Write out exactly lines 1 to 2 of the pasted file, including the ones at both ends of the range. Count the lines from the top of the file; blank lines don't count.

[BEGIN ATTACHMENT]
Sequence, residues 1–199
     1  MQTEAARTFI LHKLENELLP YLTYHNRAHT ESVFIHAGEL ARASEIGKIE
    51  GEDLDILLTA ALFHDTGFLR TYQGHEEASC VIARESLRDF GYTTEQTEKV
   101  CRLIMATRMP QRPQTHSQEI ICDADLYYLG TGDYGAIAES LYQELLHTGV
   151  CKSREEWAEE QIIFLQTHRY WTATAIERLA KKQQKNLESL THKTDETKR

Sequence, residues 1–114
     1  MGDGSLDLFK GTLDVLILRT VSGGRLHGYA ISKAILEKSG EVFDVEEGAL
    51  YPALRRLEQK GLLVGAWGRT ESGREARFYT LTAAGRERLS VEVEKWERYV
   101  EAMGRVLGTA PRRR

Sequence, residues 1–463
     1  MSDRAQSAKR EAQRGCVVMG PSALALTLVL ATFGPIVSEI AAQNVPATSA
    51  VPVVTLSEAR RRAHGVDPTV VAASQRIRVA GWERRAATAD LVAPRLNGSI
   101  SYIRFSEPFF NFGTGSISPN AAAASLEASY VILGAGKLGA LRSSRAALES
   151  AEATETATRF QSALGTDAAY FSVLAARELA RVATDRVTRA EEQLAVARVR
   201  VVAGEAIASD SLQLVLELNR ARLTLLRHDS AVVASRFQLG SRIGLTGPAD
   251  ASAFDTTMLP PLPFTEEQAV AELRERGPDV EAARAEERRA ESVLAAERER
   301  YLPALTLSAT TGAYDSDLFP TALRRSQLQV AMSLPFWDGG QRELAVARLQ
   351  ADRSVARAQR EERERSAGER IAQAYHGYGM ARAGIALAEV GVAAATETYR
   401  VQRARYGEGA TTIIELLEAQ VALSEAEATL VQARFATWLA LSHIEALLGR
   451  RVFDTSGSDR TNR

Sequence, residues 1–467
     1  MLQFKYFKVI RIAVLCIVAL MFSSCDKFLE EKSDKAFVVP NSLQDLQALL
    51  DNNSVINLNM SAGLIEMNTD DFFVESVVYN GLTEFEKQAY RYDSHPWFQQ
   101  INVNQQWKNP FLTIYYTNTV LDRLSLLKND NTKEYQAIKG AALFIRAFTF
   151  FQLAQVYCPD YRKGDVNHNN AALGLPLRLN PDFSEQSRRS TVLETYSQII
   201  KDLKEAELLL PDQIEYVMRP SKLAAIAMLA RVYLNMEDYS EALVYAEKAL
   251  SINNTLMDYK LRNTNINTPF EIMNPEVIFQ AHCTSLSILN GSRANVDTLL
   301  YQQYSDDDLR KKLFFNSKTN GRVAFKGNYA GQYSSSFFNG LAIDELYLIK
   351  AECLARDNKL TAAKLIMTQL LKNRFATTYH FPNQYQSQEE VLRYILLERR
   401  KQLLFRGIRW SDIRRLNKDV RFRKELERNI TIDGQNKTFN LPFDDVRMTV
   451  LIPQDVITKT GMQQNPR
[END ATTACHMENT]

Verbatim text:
Sequence, residues 1–199
     1  MQTEAARTFI LHKLENELLP YLTYHNRAHT ESVFIHAGEL ARASEIGKIE